Journalists Should Be Guided by Fairness and Impartiality in Election’s Final Days

Photo: Diego Cambiaso

Photo: Diego Cambiaso

Social media coverage drives the conversation surrounding the 2016 presidential campaign – whether it’s live-tweeting of a campaign stop or a Facebook Live broadcast of a campaign speech. The presidential election is one of the most significant news stories of the year. Audiences expect quality analysis and insight.

Instead of in newspapers or over the airwaves, stories often start on Twitter and other social media platforms. Yet, the change of venue doesn’t mean the rules for journalists change.

The Society’s Code of Ethics encourages journalists to seek truth and report it, irrespective of platform. Impartiality is the cornerstone of this principle – whether a journalist is reporting a campaign speech or assessing the race thus far. They have to be fair.

Impartiality extends to the curation of the conversation about news, be it on a journalist’s account or on a news organization’s account. Journalists, as private citizens, may have political opinions that differ from one political party or the other, but coverage of the election is not about them or their views. Instead, it’s about the information readers, viewers and listeners need to know before stepping into a voting booth.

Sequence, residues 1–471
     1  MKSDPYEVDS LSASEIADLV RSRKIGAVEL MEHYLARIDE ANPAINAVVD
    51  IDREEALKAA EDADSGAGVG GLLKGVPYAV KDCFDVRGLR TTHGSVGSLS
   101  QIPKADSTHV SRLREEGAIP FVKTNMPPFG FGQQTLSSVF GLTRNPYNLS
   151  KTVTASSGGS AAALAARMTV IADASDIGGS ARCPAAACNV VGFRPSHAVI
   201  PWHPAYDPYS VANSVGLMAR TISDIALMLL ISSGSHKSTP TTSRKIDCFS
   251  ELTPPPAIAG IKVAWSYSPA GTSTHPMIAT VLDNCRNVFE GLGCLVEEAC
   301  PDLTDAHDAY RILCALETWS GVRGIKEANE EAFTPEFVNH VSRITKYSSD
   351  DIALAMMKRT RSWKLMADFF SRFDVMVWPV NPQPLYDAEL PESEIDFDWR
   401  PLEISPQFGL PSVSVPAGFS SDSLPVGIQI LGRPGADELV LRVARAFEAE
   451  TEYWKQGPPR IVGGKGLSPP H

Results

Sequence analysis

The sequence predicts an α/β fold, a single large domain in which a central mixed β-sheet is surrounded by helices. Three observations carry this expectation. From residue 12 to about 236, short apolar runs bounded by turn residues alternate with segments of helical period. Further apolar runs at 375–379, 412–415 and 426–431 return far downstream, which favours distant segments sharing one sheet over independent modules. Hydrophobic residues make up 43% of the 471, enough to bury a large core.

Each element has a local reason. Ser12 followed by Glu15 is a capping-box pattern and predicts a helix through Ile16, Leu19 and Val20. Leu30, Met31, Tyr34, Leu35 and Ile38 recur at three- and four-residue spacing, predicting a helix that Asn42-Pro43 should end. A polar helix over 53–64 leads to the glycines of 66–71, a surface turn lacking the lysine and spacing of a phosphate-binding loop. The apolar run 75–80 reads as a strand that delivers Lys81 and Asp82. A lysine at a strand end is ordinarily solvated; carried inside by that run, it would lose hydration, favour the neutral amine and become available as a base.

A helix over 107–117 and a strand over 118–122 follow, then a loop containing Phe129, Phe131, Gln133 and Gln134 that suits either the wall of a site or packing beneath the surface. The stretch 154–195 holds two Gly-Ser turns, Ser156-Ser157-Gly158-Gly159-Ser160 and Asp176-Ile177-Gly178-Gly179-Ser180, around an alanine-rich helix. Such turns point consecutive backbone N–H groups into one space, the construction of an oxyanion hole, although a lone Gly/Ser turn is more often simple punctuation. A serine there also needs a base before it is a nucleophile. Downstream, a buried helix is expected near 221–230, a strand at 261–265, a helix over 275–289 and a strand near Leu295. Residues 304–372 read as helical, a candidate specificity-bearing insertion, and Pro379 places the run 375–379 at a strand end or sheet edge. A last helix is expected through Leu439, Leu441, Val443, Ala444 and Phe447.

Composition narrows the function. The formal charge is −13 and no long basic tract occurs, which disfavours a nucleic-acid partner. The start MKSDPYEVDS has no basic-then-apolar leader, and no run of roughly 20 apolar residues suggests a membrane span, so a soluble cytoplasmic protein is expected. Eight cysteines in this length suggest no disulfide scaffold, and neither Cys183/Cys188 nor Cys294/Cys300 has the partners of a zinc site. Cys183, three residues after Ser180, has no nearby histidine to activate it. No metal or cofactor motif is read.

The results of the election, from local to federal office, will have implications beyond this night. People are coming to journalists for help understanding what these results mean for them. The audience comes to journalists because they trust them, and that’s a bond not worth breaking.

Protecting that bond also means journalists must be careful about how they interact with different viewpoints. The Code of Ethics says journalists need to promote the civil, open exchange of views – including views that you may find repulsive or disagree with. That also applies when they’re curating a conversation. Don’t demean people for their views.

The same rule should be remembered after election night, too. When  journalists  are covering a speech or other event, they shouldn’t editorialize. The language they use may be interpreted differently by others.

Just state the facts, and remember the six fundamental questions of journalism – who, what, when, where, why and how. Include various and evidence-based viewpoints and provide context to help guide the conversation that follows.

Sound and impartial reporting – whether on social media or traditional media – will keep readers, viewers and listeners coming back for information, including on election night.


Alex Veeneman, a Chicago based SPJ member and founder of the SPJ Digital community, is SPJ’s Community Coordinator and a contributor to its blog network. He is also a member of SPJ’s Ethics Committee.
Outside of SPJ, Veeneman is a Managing Editor and contributing writer for Kettle Magazine (www.kettlemag.co.uk), an online publication in the UK. You can interact with Veeneman on Twitter @alex_veeneman.
The views expressed in this blog post unless otherwise specified are that of the author’s, and do not necessarily reflect the views of the SPJ Ethics Committee, the board and staff of the Society of Professional Journalists, or its members.

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